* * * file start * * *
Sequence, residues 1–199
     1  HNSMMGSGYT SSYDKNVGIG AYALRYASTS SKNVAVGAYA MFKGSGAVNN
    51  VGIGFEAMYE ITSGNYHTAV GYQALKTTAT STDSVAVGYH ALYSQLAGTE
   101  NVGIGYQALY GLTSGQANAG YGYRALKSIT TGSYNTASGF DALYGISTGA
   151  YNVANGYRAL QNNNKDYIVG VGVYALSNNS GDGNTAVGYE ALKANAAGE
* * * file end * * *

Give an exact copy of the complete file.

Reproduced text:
Sequence, residues 1–199
     1  HNSMMGSGYT SSYDKNVGIG AYALRYASTS SKNVAVGAYA MFKGSGAVNN
    51  VGIGFEAMYE ITSGNYHTAV GYQALKTTAT STDSVAVGYH ALYSQLAGTE
   101  NVGIGYQALY GLTSGQANAG YGYRALKSIT TGSYNTASGF DALYGISTGA
   151  YNVANGYRAL QNNNKDYIVG VGVYALSNNS GDGNTAVGYE ALKANAAGE